Posts Tagged ‘San Francisco’

Beat from the Start

March 28, 2012

Coping with sporadic stints of volunteer file clerk typist duties for the Marina (del Rey) Tenants Association down in the Los Angeles, while simultaneously trying to “get a handle” on some unfamiliar new topics in the San Francisco bay area caused a “Eureka!” moment for the World’s Laziest Journalist when a paradigm for all the diverse issues began to form.

During hard times what’s not to like about a sure-fire way to make a new fortune, reelect incumbents and bilk voters?  Is there a common thread here connecting the long battle in the L. A. area with the new issues in theSan FranciscoBayarea?  What if you can get politicians to give you free land for your business, get them to build the building where you will conduct your new enterprise, get some tax breaks thrown in if you can, and then soak the voters for as much of the money in their bank accounts as you possibly can?  Wouldn’t you then feel obligated to use some of that loot, to subsidize the reelections of the politicians who handed you that windfall license to steal?  Could Liberal pundits please call such campaign contributions “tithing” and not make snide remarks comparing the cash donations to “kick backs”?

We noticed this possible pattern recently after being asked if we could help the Marina Tenants Association write up an annotated report on the long close relation ship between real estate developers and various members of the Los Angeles Board of Supervisors to be submitted to the new California Attorney General.

Baseball fans inSan Franciscoare upset because the baseball team seems to be asking a city in theSouthBayarea to get some land, build a new baseball stadium, and then let the Giants baseball team move-in and charge more money for seats and season tickets.  The fans for that baseball team think they are being exploited.

The folks urging government expenditures to lure theAmerica’s Cup boat races to the San Francisco Bay Area seem to be asking for the rights to develop various Piers after the city gives them the real estate.  In return for the added recession era municipal expenditures such as additional traffic control and police work, the locals will (if they can’t use a helicopter, airplane, or yacht to get close up views of the competition) get the chance to buy expensive binoculars and telescopes, and thus boost some local businesses, if they want to try to get a glimpse of the race participants doing their high speed version of the Sunday duffers roaming about the bay.

Didn’t George W. Bush exploit his close connection with and access to the occupant of the White House to get land via eminent domain?  Then didn’t he get the citizens ofTexasto subsidize building a stadium on that land?  At that point, didn’t he help (in exchange for a bit of stock?) a group of businessmen buy a baseball team and move it into that very stadium?  Eventually didn’t he sell his share of that team and make a tidy profit?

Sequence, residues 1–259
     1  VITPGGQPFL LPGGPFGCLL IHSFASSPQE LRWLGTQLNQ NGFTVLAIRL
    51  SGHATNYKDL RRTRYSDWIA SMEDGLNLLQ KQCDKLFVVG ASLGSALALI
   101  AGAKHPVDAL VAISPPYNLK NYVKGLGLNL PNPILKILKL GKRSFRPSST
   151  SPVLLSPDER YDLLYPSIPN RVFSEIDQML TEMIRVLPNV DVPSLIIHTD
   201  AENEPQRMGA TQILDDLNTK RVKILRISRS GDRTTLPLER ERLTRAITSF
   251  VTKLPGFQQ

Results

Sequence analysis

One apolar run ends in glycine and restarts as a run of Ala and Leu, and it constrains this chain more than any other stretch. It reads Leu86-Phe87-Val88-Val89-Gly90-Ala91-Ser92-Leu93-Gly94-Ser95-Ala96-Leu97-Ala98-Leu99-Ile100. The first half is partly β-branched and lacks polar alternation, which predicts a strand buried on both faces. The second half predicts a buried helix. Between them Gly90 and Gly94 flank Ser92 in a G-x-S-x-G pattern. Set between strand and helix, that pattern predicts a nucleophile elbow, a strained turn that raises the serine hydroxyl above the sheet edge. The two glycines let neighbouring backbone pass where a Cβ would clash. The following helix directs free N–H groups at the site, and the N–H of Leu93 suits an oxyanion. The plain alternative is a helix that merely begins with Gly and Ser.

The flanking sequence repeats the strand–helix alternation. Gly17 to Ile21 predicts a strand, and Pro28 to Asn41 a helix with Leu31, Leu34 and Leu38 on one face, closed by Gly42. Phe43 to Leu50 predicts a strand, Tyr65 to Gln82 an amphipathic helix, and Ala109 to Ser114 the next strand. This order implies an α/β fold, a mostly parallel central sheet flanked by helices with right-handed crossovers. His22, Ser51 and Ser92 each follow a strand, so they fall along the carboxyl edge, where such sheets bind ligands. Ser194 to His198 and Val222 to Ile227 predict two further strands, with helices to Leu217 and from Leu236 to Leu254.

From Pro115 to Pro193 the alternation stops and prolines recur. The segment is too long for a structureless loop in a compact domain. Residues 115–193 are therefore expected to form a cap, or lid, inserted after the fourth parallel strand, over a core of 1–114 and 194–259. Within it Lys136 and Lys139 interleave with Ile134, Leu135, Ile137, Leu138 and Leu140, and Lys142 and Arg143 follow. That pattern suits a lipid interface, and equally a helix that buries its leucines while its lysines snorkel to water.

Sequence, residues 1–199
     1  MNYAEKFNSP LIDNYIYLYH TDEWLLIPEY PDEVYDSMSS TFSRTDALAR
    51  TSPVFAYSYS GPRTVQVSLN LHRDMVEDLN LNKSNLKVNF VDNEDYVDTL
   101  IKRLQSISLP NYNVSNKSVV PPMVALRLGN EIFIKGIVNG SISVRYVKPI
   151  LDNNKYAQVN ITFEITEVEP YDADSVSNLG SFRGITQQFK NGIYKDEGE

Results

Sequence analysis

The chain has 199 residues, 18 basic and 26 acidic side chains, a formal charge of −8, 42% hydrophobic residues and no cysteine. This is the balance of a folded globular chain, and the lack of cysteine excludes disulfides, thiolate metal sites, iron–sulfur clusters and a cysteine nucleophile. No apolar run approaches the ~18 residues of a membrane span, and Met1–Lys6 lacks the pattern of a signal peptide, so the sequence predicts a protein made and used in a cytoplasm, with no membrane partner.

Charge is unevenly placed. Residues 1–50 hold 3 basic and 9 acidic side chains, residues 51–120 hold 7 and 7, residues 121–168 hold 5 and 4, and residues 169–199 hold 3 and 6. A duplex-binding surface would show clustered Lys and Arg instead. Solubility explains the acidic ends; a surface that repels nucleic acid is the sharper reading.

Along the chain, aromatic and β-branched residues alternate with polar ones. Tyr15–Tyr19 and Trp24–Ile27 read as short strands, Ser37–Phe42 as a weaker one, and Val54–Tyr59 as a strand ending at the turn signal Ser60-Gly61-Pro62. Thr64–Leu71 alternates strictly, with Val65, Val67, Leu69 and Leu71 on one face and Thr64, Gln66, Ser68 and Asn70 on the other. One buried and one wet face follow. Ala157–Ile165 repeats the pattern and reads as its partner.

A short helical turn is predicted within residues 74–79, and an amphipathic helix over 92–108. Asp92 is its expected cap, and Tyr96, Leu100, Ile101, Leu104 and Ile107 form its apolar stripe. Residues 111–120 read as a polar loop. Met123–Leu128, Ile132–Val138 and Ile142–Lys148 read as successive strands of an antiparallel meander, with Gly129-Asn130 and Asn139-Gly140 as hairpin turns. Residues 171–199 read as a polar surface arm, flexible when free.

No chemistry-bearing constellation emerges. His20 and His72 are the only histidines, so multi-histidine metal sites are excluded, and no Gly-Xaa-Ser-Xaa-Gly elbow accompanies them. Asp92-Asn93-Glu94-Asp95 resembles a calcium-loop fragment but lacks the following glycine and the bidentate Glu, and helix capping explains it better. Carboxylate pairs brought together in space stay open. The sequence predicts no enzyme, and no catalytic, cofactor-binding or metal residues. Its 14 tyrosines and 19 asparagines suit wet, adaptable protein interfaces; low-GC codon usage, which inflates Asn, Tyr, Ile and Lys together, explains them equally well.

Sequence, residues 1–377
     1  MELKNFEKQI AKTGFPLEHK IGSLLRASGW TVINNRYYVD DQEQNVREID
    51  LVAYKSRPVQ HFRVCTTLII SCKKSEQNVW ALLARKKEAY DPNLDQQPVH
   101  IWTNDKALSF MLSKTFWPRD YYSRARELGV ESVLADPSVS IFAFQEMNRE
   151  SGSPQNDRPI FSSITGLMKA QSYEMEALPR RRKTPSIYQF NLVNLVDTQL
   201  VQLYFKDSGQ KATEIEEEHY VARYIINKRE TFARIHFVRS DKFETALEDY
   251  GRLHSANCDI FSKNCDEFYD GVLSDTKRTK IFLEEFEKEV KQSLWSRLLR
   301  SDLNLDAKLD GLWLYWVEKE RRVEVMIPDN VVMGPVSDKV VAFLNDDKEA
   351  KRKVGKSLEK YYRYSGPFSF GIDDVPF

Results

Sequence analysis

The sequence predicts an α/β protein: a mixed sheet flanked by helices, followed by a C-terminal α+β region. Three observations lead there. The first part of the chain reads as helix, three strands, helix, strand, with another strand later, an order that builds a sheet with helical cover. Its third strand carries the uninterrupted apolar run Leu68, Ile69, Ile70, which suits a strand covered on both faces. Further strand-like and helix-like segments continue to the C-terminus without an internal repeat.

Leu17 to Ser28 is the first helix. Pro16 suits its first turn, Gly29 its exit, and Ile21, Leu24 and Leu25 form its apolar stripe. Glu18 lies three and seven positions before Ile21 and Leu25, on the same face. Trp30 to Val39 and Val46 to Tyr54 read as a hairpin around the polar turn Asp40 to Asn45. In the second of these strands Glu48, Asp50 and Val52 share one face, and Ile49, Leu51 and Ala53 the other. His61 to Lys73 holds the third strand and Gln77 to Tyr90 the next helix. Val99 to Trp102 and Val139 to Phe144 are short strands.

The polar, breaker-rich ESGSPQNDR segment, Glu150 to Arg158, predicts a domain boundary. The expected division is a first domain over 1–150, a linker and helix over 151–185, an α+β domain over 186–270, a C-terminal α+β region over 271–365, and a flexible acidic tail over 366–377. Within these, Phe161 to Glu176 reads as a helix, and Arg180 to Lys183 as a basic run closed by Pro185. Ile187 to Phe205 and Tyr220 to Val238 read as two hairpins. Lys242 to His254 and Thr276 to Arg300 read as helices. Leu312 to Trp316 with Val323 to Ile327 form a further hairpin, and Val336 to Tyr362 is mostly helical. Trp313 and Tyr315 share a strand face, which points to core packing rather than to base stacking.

If you see a familiar pattern in these random examples of self made fortunes, then perhaps you need to consider seeking professional help to break you of this terrible propensity toward conspiracy theory lunacy.

Back to MTA problem.  The invitation/challenge arrived when we were trying to “digest” a vast quantity of information of, by, and about the Beat Generation writers as part of the preparations for doing a column about a new book focusing on an assortment of relevant topics.

The challenge of writing something new, concise, and well documented using a vast array of newspaper articles that were published over a fifty year period seems daunting, to say the least.  Concurrently reviewing information about writers and poets who felt that they were beat before they got their careers started, for a future column, conjures up comparisons to the old Myth of Sisyphus story.

The fact that all this is swirling around in the World’s Laziest Journalist’s “in box,” while efforts are being made to coordinate information about attempts to revive the Occupy Wall Street series of political actions while a suspected war criminal is getting a heart transplant begins to overload the “current topics” circuits.

Could the fact that the Conservative noise machine is drowning out all the concerns about wealth inequality getting worse be compared to the battle the Beats had in various courts for using words that were condemned for being “Obscene!”?

Could the uphill fight use the pod people in “Invasion of the Body Snatchers” as a basis for a comparison the futility of fighting the tsunami of Fox Propaganda?  Isn’t trying to warn members of the proletariat that they seem to be voting against their own welfare when they vote Republican a lot like Dr. Miles J. Bennell (Kevin McCarthy) trying to convince his town that something bad is happening?  Isn’t the blank look response in both cases identical?

Since this column is being written in the city that was, for many year, Philip K. Dick’s hometown, could we channel him to cook up a science fiction column describing how it would have been if the Beat writers had time traveled back to Berlin in 1935?  Didn’t William L. Shirer describe in one of his books about life during the Third Reich era how Hitler told his associates when they entered the Chancellor’s office, that when he final left there they would carry him out on his shield?  Isn’t that how the Republicans view their “mandate”?

The Bonus Army, Beatniks, and OWS protesters and the homeless seem to be connected by a long continuous series of aggravations for the ruling class. 

Couldn’t the never ending efforts of the wealthy to train the little people to pay their taxes and not complain be compared to the work Sisyphus was assigned? 

Could the “stand your ground” law be compared to legalizing lynching?

Some years ago (1994?), the Los Angeles Times made a commendable effort to draw attention to the fact that a cozy relationship existed between various real estate developers and the Los Angeles Board of Supervisors, but they were unable to neither instigate any legal investigations nor win a Pulitzer Prize for the series of stories they published.

It is flattering to be asked to make a new effort to do what they couldn’t accomplish, but the overwhelming feeling is that the next time we hear about Sisyphus’ rock, our response will be:  “Been there; done that!”

It has come to our attention that some motorcycle gangs assert that if a person picks a fight with one member, the attacker will have to contend with the entire club membership to win the battle.  Do the wealthy and the politician secretly hold that same philosophy?